Multiple-choice items continue to dominate educational testing because they are an effective and relatively easy way to measure constructs like ability and achievement. The professional attention given to analyzing responses to multiple-choice test items is considerable and has lead to advances in item response theories. In contrast, there is little scientific basis for multiple-choice item writing (Haladyna & Downing 1988a,b). Most item writing knowledge is based on personal experience or wisdom passed on from particular mentors. A paradox exists: we place more emphasis on analyzing responses than we do on how we obtain them. This article works toward restoring the balance by focusing on advances in item writing.
Theories of Item Writing:
There are many benefits in item-writing theories like those of Bormuth, Guttman (facet theory), Hively, Tiemann & Markle, and Williams & Haladyna. First, they emphasize the operational definition of content in terms of the types and extent of cognitive behavior to be tested. Second, they reduce the idiosyncrasies of item writers by developing standardizing rules. Third, they facilitate the generation of items to cover all of the relevant content domain. Fourth, they provide evidence of construct and content validity. On the other hand, the laborious nature of their item writing rules limits their usefulness. Nevertheless, they offer the hope that item writing will surmount the problems that limit test development today.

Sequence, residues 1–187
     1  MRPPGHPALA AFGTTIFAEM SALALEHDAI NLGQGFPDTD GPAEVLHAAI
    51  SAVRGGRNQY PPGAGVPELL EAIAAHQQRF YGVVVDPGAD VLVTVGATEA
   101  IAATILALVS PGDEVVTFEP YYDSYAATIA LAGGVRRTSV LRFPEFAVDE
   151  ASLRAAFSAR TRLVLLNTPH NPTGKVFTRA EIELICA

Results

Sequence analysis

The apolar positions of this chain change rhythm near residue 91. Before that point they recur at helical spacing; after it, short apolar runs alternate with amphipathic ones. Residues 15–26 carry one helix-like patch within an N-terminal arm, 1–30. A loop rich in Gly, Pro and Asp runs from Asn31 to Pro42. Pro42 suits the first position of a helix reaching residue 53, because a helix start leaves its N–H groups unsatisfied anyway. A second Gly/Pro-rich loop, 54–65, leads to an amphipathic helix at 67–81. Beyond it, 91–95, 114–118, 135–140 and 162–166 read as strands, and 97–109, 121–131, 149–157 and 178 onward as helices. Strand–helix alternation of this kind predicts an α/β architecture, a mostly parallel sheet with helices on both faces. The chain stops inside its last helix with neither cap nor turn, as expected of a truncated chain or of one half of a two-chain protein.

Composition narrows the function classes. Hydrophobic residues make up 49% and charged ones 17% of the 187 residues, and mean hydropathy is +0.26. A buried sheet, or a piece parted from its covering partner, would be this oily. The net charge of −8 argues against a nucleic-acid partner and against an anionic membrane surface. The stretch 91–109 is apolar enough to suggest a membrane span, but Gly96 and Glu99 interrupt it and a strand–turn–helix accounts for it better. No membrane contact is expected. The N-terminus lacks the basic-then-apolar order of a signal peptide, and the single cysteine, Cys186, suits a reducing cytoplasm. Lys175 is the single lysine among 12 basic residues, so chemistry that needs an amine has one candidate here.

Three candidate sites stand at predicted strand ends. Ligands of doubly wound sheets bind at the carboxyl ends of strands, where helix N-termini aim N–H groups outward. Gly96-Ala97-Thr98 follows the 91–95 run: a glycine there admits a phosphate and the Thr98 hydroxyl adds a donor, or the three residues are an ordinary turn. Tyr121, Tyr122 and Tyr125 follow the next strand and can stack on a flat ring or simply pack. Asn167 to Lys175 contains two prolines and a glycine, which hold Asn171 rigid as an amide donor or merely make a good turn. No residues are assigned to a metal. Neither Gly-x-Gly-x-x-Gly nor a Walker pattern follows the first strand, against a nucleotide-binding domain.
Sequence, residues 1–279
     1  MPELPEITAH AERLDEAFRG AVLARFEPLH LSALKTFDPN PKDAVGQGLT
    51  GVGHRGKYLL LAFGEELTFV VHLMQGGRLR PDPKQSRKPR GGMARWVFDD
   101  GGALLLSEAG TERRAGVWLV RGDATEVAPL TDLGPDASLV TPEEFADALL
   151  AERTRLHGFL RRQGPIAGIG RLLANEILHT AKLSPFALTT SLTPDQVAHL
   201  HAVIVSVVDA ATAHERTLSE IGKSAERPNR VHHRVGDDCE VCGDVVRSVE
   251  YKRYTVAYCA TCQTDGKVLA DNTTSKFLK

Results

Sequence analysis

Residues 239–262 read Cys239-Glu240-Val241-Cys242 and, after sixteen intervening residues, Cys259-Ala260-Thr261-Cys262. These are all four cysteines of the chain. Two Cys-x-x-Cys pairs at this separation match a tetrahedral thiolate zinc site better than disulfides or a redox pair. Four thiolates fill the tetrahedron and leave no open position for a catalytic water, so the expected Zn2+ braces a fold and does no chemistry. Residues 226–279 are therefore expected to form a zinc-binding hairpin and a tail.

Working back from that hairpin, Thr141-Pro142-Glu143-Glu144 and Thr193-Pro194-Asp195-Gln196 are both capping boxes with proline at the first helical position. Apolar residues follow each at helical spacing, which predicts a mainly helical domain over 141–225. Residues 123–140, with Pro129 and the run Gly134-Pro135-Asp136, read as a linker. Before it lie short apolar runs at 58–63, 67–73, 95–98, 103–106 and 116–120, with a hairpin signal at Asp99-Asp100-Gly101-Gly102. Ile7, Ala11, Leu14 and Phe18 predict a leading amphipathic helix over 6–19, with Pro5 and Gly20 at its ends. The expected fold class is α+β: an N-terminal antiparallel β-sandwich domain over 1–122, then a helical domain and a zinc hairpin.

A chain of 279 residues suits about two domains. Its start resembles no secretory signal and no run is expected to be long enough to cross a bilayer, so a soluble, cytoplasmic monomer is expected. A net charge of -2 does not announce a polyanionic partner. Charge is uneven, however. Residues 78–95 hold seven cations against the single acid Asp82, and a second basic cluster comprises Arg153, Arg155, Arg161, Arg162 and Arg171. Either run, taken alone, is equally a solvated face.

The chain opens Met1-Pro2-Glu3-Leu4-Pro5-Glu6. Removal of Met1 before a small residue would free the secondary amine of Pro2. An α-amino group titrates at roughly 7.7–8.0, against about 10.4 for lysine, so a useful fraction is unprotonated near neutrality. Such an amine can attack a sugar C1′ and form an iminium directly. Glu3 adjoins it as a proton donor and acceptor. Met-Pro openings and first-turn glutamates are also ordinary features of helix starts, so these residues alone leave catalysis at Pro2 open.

Old Item Formats:
* Multiple-choice (MCQ). A stem, in question or partial-sentence form, and four or five options. There is some support for preferring three options.
For what is San Diego best known? A. Outstanding restaurants and fine dining B. Mild climate C. Major league baseball and football teams
* Matching. A modified MCQ in which a single set of options precedes the stems, thus focusing testing on one set of concepts.
Match the city with a distinguishing feature. A. San Diego B. San Francisco C. Seattle D. Los Angeles 1. Proximity to islands and protected ocean water 2. Entertainment and tourist attractions 3. Cool climate and unpolluted air
* True-false. This format has gained a negative reputation because of substantial evidence against its use. But there are revisions which seem worthwhile (see Alternate-choice and Multiple true-false below).
New Item Formats:
Here are some new multiple-choice formats, with my recommendations based on a survey of the research.
* Alternate-choice. A two-option MCQ with the limitation of a 50% probability of guessing the right answer. Offsetting this is efficiency. One can administer many more alternate-choice items than conventional MCQs in a fixed time. Lord argues that two-option testing is ideal for high achieving examinees, while four- or five- option MCQs work best with low achievers. When Steve Downing and I analyzed distractor use for three standardized tests, we found that most items contained only one or two working distractors. Recommended.
What is more popular in downtown San Diego? A. Horton Plaza B. Gaslite District